Under the bill, providers can enter into contracts with consumers for health care services, but must follow certain requirements before doing so and can only do so for services where the provider will not receive payment or reimbursement under the Act. For instance, contracts between providers and consumers would have to have been made in writing prior to when the service was delivered and cannot be entered into during an emergency health situation. Both parties must agree not to submit a claim under the UMP (even if the items or services would otherwise be covered under the UMP), and the provider has to file an affidavit with HHS within 10 days of entering into the contract. The affidavit must attest that the provider will not file a claim or receive reimbursement for any item or service provided to any UMP beneficiary for a one-year period. If the provider nonetheless knowingly and willfully submits a claim or receives reimbursement from the UMP, no payment or reimbursement would be made for any item or service furnished by that provider.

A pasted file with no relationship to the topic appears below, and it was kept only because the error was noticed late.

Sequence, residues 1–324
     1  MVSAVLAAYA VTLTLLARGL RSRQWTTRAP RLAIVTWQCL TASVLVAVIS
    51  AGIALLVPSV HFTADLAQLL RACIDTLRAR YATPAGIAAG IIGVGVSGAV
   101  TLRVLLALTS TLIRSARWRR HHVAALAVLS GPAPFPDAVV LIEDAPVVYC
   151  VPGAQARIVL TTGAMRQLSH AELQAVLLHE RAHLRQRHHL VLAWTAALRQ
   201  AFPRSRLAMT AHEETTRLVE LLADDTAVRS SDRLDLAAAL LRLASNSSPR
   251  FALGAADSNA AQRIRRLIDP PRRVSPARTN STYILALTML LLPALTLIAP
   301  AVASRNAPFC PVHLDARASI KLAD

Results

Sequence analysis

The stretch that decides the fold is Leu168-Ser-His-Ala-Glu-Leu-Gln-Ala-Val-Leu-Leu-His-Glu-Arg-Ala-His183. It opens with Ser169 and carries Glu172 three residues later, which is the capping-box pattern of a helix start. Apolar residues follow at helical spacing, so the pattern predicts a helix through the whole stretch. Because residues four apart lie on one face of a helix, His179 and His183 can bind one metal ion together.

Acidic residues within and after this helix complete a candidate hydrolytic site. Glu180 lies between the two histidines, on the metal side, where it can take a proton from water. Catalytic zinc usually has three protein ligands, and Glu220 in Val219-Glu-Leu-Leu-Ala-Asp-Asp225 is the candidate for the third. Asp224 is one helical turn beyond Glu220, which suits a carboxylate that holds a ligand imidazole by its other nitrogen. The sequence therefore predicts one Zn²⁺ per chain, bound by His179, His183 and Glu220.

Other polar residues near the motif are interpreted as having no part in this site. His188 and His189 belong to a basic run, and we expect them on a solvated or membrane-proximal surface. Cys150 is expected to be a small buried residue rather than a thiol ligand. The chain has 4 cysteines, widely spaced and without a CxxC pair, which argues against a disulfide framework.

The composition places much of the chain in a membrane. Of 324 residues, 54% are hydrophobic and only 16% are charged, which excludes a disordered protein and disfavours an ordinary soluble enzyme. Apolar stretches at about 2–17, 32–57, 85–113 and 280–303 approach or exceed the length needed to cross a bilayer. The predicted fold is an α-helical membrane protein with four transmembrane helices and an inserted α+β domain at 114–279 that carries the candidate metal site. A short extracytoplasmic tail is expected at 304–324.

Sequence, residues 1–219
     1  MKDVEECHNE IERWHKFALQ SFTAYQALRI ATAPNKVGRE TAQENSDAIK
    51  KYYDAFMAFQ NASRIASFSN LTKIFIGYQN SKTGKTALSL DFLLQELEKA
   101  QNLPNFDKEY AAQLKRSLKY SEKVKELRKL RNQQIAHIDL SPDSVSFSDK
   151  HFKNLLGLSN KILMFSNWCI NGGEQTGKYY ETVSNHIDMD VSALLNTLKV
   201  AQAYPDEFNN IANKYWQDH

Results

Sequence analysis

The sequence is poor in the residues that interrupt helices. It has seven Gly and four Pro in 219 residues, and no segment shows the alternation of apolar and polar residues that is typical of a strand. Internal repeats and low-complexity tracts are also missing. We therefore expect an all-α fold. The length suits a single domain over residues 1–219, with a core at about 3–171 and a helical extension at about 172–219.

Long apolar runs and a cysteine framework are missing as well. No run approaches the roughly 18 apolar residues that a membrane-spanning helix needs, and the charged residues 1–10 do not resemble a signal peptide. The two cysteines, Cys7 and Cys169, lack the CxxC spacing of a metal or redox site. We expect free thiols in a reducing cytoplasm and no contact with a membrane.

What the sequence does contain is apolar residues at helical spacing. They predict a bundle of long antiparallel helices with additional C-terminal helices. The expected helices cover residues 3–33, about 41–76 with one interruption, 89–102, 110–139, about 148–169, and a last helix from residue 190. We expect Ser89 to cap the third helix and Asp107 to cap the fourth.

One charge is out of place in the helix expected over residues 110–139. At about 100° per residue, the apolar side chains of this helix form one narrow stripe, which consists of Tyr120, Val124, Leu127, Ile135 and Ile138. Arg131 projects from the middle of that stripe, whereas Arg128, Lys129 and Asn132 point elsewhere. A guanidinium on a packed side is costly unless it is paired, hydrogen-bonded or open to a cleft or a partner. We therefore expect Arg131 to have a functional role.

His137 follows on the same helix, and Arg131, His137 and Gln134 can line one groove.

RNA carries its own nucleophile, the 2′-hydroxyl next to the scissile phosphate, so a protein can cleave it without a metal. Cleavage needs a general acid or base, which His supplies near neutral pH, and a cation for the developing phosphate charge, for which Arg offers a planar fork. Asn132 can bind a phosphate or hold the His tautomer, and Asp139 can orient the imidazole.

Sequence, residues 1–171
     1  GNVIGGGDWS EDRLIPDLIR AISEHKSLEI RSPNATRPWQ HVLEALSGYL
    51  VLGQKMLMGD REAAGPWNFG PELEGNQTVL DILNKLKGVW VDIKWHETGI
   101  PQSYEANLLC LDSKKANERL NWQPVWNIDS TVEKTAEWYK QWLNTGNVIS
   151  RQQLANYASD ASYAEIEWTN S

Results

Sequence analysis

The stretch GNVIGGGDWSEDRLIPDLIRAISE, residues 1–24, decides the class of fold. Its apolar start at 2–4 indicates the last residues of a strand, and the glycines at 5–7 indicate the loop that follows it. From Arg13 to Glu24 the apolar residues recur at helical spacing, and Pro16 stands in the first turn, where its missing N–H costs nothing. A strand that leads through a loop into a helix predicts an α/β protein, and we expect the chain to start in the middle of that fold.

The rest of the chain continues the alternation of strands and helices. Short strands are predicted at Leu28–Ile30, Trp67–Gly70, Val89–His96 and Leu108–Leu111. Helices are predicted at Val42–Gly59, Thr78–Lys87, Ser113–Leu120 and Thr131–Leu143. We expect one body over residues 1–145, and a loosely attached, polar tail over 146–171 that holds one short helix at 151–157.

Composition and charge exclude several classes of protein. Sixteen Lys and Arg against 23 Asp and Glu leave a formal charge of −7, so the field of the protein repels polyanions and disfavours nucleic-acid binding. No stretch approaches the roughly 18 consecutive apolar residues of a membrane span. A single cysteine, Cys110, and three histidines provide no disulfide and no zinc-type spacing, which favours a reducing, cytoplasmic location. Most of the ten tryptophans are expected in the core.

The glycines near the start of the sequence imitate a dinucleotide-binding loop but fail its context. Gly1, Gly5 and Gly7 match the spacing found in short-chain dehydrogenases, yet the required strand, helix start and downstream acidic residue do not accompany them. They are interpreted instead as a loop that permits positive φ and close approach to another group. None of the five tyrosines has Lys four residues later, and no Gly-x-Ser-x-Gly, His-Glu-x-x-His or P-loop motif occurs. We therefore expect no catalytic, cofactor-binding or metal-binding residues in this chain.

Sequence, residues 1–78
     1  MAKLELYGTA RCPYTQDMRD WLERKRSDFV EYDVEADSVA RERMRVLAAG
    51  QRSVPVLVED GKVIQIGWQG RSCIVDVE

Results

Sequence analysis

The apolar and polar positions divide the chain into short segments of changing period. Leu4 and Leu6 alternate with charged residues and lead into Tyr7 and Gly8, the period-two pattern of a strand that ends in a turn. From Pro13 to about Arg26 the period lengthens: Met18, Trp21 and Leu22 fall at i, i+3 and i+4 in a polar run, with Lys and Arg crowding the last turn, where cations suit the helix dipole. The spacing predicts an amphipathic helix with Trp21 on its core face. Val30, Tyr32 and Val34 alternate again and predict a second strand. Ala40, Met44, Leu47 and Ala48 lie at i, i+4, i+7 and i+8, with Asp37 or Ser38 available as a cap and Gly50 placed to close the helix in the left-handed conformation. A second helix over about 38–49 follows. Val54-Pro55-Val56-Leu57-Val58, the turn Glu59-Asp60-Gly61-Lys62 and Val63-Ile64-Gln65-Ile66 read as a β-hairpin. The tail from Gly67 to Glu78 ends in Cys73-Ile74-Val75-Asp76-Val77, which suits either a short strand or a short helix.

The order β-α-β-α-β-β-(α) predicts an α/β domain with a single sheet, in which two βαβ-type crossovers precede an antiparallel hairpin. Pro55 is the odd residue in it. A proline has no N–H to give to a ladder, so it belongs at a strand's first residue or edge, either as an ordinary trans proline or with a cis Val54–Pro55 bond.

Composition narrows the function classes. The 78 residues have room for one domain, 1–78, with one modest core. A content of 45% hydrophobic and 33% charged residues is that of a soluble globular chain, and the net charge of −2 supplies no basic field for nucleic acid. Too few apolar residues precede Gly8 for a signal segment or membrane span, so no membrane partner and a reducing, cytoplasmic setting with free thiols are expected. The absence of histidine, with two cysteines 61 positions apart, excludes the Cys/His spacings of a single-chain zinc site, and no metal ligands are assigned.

As noted above, most benefits would no longer be available under the traditional Medicare program, the Medicaid program, or the CHIP program once the UMP went into effect. The only exceptions are for patients in the midst of inpatient hospital services or extended care services, for Medicaid long-term care services, and for any other service covered by a state Medicaid program as of September 1, 2017 that is not covered under the UMP. States that provide these additional services would have to comply with maintenance of effort requirements with respect to eligibility standards and expenditures.
UMP Ban on Cost-Sharing
The bill would prohibit all cost-sharing for consumers, stating that no deductibles, coinsurance, copays, or similar charges can be imposed for most benefits covered under the UMP. HHS could impose cost-sharing for 1) a new Medicaid long-term care program; and 2) drugs and biologics. The bill allows HHS to develop an evidence-based cost-sharing schedule but would cap annual cost-sharing for drugs and biologics at $200 per individual, adjusted for inflation. To incentivize the use of generics, HHS is allowed to exempt a brand-name drug from the $200 annual out-of-pocket limit if a generic version of the drug is available. The bill would also prohibit balance billing by barring providers from imposing an additional charge to beneficiaries for benefits provided under the UMP.
UMP Provider Participation